Unlock Editor’s Digest for free
Roula Khalaf, editor of the FT, picks her favorite stories in this weekly newsletter.
Abu Dhabi-backed RedBird IMI has offered to take control of the Telegraph and Spectator as part of a deal to repay the Barclay family’s debts to Lloyds Banking Group.
RedBird IMI, the investment group run by former CNN boss Jeff Zucker, said on Monday it had agreed to provide the Barclay family with funds to “fully” repay the £1.1bn loans to Lloyds and “to pull out the Telegraph and the Spectator”. bankruptcy administration”. The British lender seized the British newspaper group last summer.
International Media Investments, the investment vehicle backed by Manchester City owner Sheikh Mansour bin Zayed Al Nahyan, would also be involved in around half of the deal’s debt financing.
RedBird IMI said if the deal goes through, the company intends to exercise an option to convert debt into ownership of the newspaper group “at an early stage”. RedBird is conducting due diligence to check whether the underlying assets are sufficiently secured to provide financing, one of the people said.
If Lloyds agrees to the proposal, the deal will mark the end of the Barclay family’s ownership of the national newspapers after two decades.
The lender asked a British Virgin Islands court on Monday to postpone until early December a hearing that could have liquidated the Barclay family’s last holding company. A separate auction process is still underway to sell the Telegraph and its sister publication the Spectator.
As part of the proposed deal, Sheikh Mansour’s IMI would retain a significant debt stake in the Barclay family’s last remaining major corporate assets. This includes retail and financial services group Very, according to people familiar with the discussions.
The deal will be structured as a £600m loan secured by RedBird IMI against Telegraph and Spectator. International Media Investments will provide a separate loan of a similar size secured against other Barclay family companies and commercial interests.
This would make up the difference between the £1.1 billion offered to fully repay the Lloyds debt and the Telegraph Group’s £600 million equity value, people familiar with the talks said. Only the £600m loan against the Telegraph would be converted into equity.
Conservative MPs have called on ministers to use the national security law to investigate the deal, fearing Abu Dhabi’s influence over the editorial board of a newspaper traditionally close to the party’s interests.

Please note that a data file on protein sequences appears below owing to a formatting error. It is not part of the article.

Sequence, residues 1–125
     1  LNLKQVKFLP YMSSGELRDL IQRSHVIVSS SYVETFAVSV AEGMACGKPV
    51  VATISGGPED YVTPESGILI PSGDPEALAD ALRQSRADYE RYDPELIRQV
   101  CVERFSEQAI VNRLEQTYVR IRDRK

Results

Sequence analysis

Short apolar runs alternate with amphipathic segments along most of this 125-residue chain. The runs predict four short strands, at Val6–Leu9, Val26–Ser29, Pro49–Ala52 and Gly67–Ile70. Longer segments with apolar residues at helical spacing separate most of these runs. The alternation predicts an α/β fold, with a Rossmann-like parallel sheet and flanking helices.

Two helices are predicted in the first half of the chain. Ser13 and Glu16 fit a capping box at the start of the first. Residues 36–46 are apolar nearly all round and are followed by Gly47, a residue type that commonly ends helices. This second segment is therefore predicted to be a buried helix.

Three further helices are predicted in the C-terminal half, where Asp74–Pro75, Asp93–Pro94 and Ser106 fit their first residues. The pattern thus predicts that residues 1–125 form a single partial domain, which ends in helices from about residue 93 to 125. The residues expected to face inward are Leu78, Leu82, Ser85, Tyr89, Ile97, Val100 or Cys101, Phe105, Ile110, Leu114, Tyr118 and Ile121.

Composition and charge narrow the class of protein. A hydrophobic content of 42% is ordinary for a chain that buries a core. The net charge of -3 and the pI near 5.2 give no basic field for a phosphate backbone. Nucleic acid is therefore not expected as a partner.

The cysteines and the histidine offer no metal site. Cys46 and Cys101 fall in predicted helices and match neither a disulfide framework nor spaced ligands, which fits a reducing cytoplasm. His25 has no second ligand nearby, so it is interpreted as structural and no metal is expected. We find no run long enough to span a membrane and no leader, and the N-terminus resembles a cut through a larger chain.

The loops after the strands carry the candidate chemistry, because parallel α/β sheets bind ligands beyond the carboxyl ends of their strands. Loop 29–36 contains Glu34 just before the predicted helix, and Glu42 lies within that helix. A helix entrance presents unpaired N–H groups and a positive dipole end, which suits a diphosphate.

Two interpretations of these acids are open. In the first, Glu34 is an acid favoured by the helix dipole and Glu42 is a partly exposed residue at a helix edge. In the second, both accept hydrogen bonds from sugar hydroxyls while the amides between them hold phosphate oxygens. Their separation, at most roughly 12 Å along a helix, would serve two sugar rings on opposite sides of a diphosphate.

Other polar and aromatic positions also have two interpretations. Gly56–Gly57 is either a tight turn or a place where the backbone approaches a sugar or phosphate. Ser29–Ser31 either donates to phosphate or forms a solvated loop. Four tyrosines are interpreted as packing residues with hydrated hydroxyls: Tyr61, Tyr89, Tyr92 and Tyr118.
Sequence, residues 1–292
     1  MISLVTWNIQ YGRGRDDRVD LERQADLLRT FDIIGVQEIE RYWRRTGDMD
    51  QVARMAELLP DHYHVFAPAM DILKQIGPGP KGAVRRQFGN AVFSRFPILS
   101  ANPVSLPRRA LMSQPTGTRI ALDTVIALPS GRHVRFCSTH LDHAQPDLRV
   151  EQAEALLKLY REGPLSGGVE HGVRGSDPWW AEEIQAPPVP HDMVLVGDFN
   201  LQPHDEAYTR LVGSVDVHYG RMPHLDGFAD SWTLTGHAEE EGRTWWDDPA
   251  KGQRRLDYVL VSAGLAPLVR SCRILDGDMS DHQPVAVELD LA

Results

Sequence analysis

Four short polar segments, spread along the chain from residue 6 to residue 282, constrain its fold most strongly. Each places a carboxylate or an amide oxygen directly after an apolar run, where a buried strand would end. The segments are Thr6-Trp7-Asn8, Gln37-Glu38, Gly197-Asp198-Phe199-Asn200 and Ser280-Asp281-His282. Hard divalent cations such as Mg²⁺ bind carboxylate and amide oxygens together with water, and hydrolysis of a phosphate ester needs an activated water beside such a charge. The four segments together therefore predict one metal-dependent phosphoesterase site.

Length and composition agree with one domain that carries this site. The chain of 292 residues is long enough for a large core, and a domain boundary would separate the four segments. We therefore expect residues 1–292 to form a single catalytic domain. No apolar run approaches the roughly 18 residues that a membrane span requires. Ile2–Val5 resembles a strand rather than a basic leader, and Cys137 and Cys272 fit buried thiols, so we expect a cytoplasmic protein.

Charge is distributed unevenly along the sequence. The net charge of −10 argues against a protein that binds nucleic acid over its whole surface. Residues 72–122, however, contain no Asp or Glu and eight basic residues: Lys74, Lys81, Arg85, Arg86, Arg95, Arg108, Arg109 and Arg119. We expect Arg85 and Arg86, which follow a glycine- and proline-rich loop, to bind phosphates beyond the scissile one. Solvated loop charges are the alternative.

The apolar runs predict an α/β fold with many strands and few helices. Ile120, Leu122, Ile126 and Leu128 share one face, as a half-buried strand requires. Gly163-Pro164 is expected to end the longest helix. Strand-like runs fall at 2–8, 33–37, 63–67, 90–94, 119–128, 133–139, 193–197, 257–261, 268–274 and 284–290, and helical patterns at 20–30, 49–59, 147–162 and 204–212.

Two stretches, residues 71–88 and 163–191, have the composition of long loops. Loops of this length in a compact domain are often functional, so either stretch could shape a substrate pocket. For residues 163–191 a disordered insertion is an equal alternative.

RedBird has pledged that the Telegraph will be editorially independent to avoid regulatory investigations. US-based RedBird Capital “will assume sole management and operational responsibility for the titles under the leadership of RedBird IMI boss Jeff Zucker,” it said, adding: “International Media Investments will only be a passive investor.”
It said RedBird IMI was committed to retaining the existing editorial team at the Telegraph and Spectator publications and wanted to expand the titles’ reach “in the UK, US and other English-speaking countries”.
Telegraph journalists have raised concerns about editorial independence, according to a memo sent to staff by editor Chris Evans on Monday. “At this point I don’t know more than what you’ve read,” Evans wrote.
People close to the talks said Lloyds would need to examine its own funding sources and financial crime due diligence before agreeing to the proposal.
A person with knowledge of the bank’s situation said it wanted to make sure the deal was viable before negotiating exclusively with the Barclay family. Previous but lower offers were rejected by Lloyds.
After the repayment, the U.K. lender will no longer play a role in subsequent transactions such as a debt-to-equity swap with RedBird, the person added.
But the latest move has angered some bidders given the months of work and cost of putting together bids for the newspaper group. Those interested include hedge fund billionaire Paul Marshall and the media groups News UK and DMGT.
A person close to one of the bidders said the Barclay family had sought to “hand over two valuable media assets to an autocratic government without official control,” adding: “This is a daylight robbery.”
Another person directly involved in the deal said the accusation that the assets were handed over to an autocratic regime was false because RedBird’s founders, Gerry Cardinale and Zucker, are both Americans and based in the United States. would have complete control over the asset. Its reputation in the media should reassure people that the Telegraph would continue to thrive, this person added.